Examination for discovery will generally involve the oral examination of the taxpayer (where the appellant is an individual) or a nominee (where the appellant is a corporation, trust or partnership). The nominee for the respondent is in most cases the auditor who recommended the adjustment(s) in dispute or the appeals officer who confirmed the disputed assessment.
Prior to the COVID-19 pandemic, oral examinations were generally held in person. During 2020, 2021 and 2022, many examinations were instead conducted virtually via platforms such as Zoom or Microsoft Teams. As the intensity of the pandemic has waned, examinations have frequently been conducted in a hybrid format, where some participants attend in person and others attend virtually. Examinations for discovery may also be conducted in writing, but this is less common.
Examinations are often extensive and can range in length from half a day to several weeks. Where the answers to questions are initially not known or additional production of documents is requested, counsel may undertake to provide a response at a later time in writing, which will usually lead to additional follow-up questions. This process generally unfolds over several months and is ordinarily governed by a timetable order issued by the court.
Following the completion of the discovery phase, either party may request a settlement conference moderated by a judge of the court.
A settlement conference is an off-the-record meeting in which the parties have the opportunity to present their arguments in summary form and receive a judge’s perspective on the merits of their respective positions. In the event that the appeal does not settle, the judge that presided over the settlement conference cannot preside over the hearing.
Where a settlement conference is scheduled, each party is required to file a “settlement conference brief” that summarises the party’s case, including their theory of the case and the manner in which material facts will be proven. The format of the settlement conference itself is at the discretion of the presiding judge, who may consult with the parties as to their preferences.
Hearing and Decision
A Tax Court hearing takes place before a single judge assigned by the Chief Justice of the court. In most cases, the taxpayer bears the burden of proof and will present their case first.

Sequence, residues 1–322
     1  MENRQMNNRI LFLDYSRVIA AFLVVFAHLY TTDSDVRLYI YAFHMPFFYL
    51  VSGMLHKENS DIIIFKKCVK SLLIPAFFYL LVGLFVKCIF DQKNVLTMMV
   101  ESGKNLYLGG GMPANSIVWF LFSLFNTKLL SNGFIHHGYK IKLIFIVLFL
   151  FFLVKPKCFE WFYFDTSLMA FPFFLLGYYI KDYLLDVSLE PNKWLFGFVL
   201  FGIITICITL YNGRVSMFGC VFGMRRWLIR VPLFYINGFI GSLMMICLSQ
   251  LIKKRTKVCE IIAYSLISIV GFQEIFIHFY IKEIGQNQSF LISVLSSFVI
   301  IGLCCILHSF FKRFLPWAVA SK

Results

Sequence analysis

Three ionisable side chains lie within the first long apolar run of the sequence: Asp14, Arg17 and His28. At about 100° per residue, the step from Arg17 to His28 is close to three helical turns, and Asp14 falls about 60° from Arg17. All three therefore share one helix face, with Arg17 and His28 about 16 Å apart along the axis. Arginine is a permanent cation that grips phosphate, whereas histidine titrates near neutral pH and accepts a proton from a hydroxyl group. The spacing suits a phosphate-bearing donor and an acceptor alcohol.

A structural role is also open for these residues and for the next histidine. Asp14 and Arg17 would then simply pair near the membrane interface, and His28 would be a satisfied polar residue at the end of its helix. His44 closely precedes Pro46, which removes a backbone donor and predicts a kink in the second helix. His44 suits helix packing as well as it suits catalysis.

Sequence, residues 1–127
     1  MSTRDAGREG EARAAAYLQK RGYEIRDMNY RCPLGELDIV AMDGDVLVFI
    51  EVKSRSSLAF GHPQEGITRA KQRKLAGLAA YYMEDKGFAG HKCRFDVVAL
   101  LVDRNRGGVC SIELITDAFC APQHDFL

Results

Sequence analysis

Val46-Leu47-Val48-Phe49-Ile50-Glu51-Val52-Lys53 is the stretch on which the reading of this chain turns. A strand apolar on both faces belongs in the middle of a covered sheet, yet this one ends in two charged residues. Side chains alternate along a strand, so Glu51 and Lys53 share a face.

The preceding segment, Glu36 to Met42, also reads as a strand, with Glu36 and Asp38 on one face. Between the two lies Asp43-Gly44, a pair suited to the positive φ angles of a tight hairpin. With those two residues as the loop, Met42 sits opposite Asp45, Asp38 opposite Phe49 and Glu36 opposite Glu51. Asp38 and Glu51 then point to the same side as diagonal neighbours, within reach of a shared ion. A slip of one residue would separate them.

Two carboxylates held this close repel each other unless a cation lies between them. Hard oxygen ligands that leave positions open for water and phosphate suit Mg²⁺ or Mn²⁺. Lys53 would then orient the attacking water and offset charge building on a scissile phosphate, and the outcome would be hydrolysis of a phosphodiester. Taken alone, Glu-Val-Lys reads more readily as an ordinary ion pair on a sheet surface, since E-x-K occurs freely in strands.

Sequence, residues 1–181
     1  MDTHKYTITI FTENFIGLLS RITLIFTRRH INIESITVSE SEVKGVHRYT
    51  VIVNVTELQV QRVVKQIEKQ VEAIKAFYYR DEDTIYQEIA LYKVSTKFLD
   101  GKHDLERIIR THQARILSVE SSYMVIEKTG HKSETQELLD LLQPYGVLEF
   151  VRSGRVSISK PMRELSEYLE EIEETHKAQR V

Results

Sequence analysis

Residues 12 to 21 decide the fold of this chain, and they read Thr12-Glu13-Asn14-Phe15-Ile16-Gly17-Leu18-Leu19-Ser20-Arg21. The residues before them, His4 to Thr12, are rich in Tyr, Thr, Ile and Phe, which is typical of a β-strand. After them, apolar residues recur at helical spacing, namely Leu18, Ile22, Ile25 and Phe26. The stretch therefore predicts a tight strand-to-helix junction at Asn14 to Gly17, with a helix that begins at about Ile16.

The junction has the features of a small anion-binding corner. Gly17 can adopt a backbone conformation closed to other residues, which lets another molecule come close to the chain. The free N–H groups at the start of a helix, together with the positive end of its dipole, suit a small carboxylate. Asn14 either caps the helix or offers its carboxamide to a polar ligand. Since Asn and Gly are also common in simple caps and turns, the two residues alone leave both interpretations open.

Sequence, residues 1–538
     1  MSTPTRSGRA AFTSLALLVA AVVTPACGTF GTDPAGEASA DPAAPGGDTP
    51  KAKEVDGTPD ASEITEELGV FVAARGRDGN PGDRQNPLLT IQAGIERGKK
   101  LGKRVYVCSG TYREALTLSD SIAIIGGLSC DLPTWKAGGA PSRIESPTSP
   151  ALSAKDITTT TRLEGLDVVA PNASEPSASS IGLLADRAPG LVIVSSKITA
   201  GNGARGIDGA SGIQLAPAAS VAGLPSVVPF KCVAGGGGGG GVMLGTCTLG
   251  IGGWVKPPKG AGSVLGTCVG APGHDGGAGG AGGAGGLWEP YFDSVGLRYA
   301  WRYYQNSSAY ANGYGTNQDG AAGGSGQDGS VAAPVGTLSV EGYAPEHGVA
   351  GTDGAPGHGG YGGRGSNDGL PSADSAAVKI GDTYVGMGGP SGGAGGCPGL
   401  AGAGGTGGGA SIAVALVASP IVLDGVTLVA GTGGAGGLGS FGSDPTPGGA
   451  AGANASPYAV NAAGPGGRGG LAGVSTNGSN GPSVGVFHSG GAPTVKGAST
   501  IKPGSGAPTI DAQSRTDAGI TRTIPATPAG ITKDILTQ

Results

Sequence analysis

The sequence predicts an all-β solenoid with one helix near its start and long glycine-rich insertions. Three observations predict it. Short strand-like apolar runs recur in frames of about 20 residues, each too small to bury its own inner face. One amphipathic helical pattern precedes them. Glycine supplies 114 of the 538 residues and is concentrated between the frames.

Counsel will generally begin with a brief opening statement, and will then proceed to call their witnesses (if any). Each witness called by taxpayer’s counsel will be examined first by the taxpayer’s counsel (the “examination-in-chief”) and then by DOJ counsel (the “cross-examination”). Witnesses may include individuals with direct knowledge of events at issue as well as expert witnesses. A party calling an expert witness must, among other things, serve an “expert report” on the other party at least 90 days before the hearing. Following the presentation of the taxpayer’s case, including documentary evidence relied upon, DOJ counsel will present the government’s case in the same manner. Counsel for each party will then have the opportunity to present legal arguments.
At the end of the hearing, the judge will either deliver their decision orally or, in most cases, reserve the decision to be rendered later in writing. There is no time limit for a decision to be rendered, but in a typical case the decision will be released within approximately three to nine months.
See 4.2 Procedure of Judicial Tax Litigation.
The taxpayer generally bears the burden of proof in civil tax litigation proceedings in Canada. In particular, the taxpayer has the burden of establishing, on a balance of probabilities, each material fact stated in the notice of appeal. In addition, assumptions of fact made by the CRA in assessing the taxpayer or in confirming an assessment are presumed to be true unless the taxpayer can either disprove them or establish that they were not in fact made by the CRA.
The respondent will have the burden of establishing the material facts necessary to support a reassessment made after the expiration of the normal reassessment period or to justify the imposition of certain penalties, including gross negligence penalties. The respondent also has the burden of proving any additional facts alleged in the reply that were not assumed by the CRA.
Throughout the Tax Court process, taxpayers and their counsel will be presented with opportunities to make strategic decisions that may significantly affect the trajectory of the appeal. These will generally include: